'Anabta, 'Azzun, Deir Sharaf, Qalqiliya, Sun 12.4.09, Afternoon

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Alix W., Ruthie W.Z., Susan L. (reporting)


The hills are alive with the color of spring flowers, the pinks now joined by yellow and white daisies and picture perfect, bright red Monet like poppies, spread beneath a grove of olives near Jit Junction. But the hills and the valleys of the OPT are also alive with the sound of occupation.

11:55 Habla Gate 1393

An agricultural gate beautifully personified by the presence of a flock of sheep, making its way across the still open gatesinfo-icon, followed by one truck bearing young palm trees and another going in the other direction, into Habla, carrying a load of boxed fruit and vegetables. The bucolic nature of the scene is disturbed by the soldier beginning to poke in and around the boxes.

A pedestrian from Habla doesn't go straight across the security road and the open gates, but makes his way to the side, through an open yellow metal gate, proceeds through a single turnstile and goes to the far side of a house: we can see no more. What on earth is the point of a turnstile in the middle of nowhere, where there are hardly any pedestrians a this hour?

12:25 Qalqiliya

A long line of vehicles from Qalqiliya. As we arrive, no line in the opposite direction, but our presence soon changes that. We're told by two soldiers, only one of whom is the commander, "What's the difference if I give you my name?"  So, as is usual, no name, but less usual, no initial, makes its way into our report. "You are not allowed to stand there... it's a military area.... we get our orders from on high.... even if it's your right, I don't care, it's a military area, and I'm in charge.... helping the Arabs just takes away from what we're supposed to be doing." Of course, all this while the line into Qalqiliya, grows and grows. It's a stand off, and we're making things worse, not better.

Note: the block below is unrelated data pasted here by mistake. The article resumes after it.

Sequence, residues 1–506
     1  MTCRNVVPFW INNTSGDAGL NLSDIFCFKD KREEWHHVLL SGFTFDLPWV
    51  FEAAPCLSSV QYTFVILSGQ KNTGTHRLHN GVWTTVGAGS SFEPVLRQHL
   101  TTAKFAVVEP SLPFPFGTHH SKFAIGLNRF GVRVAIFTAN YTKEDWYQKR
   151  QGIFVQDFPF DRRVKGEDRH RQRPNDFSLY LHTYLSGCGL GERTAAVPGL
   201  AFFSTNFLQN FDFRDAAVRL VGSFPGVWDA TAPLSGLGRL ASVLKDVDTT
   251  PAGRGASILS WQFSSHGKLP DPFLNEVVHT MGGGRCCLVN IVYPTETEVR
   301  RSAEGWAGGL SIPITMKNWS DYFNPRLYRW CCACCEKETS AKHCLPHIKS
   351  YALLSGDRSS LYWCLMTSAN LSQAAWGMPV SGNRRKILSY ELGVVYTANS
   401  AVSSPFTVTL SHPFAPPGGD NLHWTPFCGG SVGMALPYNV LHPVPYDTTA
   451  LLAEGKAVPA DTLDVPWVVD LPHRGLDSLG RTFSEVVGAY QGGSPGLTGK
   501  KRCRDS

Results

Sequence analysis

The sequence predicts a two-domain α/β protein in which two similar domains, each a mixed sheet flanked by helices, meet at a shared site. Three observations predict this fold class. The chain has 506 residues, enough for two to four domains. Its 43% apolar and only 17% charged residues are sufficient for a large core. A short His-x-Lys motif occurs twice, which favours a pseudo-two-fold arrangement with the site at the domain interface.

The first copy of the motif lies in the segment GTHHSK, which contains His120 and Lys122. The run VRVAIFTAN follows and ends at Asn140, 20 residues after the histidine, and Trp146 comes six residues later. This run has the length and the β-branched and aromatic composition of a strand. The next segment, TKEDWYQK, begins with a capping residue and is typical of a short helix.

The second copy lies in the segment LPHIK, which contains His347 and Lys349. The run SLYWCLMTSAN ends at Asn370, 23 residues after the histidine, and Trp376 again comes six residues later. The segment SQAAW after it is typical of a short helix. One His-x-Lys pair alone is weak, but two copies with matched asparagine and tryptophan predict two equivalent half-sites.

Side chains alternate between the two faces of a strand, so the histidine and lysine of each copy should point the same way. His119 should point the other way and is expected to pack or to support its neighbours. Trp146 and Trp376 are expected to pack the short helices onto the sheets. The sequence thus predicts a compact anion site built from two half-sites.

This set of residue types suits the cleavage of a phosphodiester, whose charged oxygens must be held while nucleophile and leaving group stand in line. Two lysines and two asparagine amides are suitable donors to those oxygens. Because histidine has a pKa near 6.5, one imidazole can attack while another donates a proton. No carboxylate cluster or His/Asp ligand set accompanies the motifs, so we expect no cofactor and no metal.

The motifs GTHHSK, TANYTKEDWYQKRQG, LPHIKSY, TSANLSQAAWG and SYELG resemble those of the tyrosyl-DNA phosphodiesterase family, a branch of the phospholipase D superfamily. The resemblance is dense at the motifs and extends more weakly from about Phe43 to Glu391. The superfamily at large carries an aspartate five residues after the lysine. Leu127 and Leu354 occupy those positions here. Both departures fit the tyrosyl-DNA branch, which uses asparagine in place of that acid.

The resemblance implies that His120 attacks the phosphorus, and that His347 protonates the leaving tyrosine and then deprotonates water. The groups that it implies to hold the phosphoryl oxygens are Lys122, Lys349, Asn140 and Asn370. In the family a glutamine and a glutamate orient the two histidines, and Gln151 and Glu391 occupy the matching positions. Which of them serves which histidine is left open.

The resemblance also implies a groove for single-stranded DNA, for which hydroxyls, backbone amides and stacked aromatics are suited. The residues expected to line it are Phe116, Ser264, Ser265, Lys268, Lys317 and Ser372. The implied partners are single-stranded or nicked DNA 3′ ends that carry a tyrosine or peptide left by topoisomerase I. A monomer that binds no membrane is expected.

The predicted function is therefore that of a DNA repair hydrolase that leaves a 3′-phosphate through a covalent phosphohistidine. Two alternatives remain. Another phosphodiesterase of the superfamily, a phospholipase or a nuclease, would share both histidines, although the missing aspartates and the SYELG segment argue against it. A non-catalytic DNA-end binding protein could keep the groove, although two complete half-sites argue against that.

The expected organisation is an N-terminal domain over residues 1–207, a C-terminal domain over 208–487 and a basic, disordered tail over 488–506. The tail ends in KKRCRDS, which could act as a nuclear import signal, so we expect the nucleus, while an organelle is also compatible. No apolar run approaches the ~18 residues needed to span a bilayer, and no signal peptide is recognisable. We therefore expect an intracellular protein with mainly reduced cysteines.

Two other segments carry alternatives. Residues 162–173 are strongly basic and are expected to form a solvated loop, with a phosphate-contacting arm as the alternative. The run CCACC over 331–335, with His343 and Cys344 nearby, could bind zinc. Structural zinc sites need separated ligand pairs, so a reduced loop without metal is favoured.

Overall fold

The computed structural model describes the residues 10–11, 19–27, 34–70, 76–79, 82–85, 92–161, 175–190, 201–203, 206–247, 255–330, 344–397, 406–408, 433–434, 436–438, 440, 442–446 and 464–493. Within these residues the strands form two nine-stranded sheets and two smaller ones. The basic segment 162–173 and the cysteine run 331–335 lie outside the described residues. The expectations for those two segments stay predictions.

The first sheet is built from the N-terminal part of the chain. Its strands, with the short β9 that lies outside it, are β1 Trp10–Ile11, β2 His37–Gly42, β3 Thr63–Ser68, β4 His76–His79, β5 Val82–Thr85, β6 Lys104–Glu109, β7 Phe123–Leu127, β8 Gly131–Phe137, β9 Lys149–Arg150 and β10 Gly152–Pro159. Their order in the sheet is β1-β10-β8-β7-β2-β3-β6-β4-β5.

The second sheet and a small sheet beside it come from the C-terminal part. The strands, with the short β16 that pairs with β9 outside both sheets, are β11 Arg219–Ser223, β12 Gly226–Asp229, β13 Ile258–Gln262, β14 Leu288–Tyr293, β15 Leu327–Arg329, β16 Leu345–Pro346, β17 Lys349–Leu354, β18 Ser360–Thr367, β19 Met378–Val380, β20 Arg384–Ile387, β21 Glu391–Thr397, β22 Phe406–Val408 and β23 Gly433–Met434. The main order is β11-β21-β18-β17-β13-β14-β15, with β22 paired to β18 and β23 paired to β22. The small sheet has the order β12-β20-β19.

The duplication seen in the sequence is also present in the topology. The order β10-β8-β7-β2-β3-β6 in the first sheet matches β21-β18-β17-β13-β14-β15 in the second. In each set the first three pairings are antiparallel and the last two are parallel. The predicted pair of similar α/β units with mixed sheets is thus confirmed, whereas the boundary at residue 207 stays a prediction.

12:45 Azzun

From afar, we already see a Hummer standing near the entrance way to the town. What we can't see until we pull up alongside is that the earth mound has been "breached," and that there's a small white car stuck in the middle of what is a newly opened pathway through the barricade. Two young men stand by the car.

The soldiers here, reservists, are willing to talk. They've just been sent here, called by the army's lookout tower on the hillside above the town. From the lookout tower, it was clear that the Palestinians had broken through the "wall" only about an hour ago. The two soldiers wait for "reinforcements" or, rather, equipment that will mend the breach and enclose the town of 15,000 people once more. The two young men will be punished. "They know they're not supposed to go through here." The two soldiers have no idea how the earth mound was breached. They are just following orders.

13:10 Deir Sharaf

The earth mover/digger is almost at the main road and is at work on this Israeli  holiday....By now, the work has proceeded for several weeks, and the rich greens of the hillside have been gouged out -- lands confiscated from Deir Sharaf residents to make way for the colony of Shavei Shomron's new "apartheid road."